Now female artists see a marketplace online that is more profitable than the traditional bricks-and- mortar art gallery. “An online presence using an art e-commerce platform is therefore likely to be a more attractive option for sales for females, who have more to gain by circumventing the traditional channels of the dealer and gallery, and hence my intuition that female artists are more prone to move online (Powell, Maastricht University, 2018).”

Given the growth in online art sales globally, making such a shift would be a smart move for the artists. A report last year by the insurer Hiscox showed sales on the online art market in 2016 were up 15 percent over the previous year, reaching $3.75 billion. In 2015, sales were at $3.27 billion, a 24 percent increase from 2014. For now, the two business models, off and online, coexist.

What a change the virtual world has made. Online art, anyone?

Ray Myers

The New Anti-social Media – #TechtoAbuse

Thanks to Maureen Dowd at The NY Times (2/11/18) we now have a litany of anti-social remarks and behavior by the current White House resident who has twisted his presidential prerogatives into weapons for use against his political enemies, real and imagined. And in many cases, for his own personal and private business profitability. Twitter attacks are just part of his arsenal. Below is a sampling of what she captured in her Sunday commentary.

“We don’t want a president who’s bends over backward to give the benefit of the doubt to neo-Nazis, wife beaters, pedophiles and sexual predators – or who is a sexual predator himself. We don’t want a president who thinks #me is more important than #metoo.”

“We don’t want a president who flips the ordinary equation, out of some puerile sense of grievance to honor Russia and dishonor the F.B.I.”

“We don’t want a president who is on a sugar high of ego, whose demented tweets about nukes and crowd size scare even Omarosa.”

“And finally, we surely don’t want a president who seeks advice on foreign affairs from Henry Kissinger. Ever. Again.”

Ray Myers

Gorging on Social Media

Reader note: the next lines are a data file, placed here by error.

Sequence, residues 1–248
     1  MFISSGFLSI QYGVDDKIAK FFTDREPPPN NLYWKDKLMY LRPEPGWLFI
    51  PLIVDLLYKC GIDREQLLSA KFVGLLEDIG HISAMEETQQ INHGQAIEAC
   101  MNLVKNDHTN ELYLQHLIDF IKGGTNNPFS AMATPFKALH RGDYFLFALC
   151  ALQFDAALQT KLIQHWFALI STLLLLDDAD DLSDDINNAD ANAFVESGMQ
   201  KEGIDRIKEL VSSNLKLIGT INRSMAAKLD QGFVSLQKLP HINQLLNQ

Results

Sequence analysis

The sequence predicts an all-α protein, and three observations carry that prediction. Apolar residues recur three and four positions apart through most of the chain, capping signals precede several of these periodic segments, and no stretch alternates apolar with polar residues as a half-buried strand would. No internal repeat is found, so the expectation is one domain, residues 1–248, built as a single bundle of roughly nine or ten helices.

My apologies for not posting on Monday of this week. Let’s just say that I was “in transit” and had a “tech-free day” which leads me to the to the message of today’s post and the one that you will see on Friday as well. It’s all about limiting our daily digital diets. Or as those scholarly Jesuits used to teach us: “Moderation in all things.”

Social media’s “role in your life has grown without your permission. No one had that in mind when they signed up for Facebook to stay in touch with their college roommate . . . There is a lot of complexity and uncertainty in the role that these technologies should play in personal and professional life. We’re past the stage where they’re novel, but not to the point where they’re stable (Cal Newport, Georgetown University, 2018).” A common complaint seems to be that there is too much news: I need a break. And fewer tweets from the White House might help (maybe none, remember those days)!

We have gone from “TechtoExpress” (sound familiar?) to “TechtoConsume.”

Ray Myers

Googling and Spending in Washington, D.C.

Maybe a better title for this post would be: “Technology Companies are Now Biggest Spenders in Lobbying Congress.” It just all seems to make sense when you consider how wealthy all these companies have become, i.e., Google, Facebook, Amazon, Apple, etc. “These are companies that are touching so many parts of the economy . . . So it’s inevitable that they are going to engage in a host of political and policy issues (Washington Post, 1/24/18).”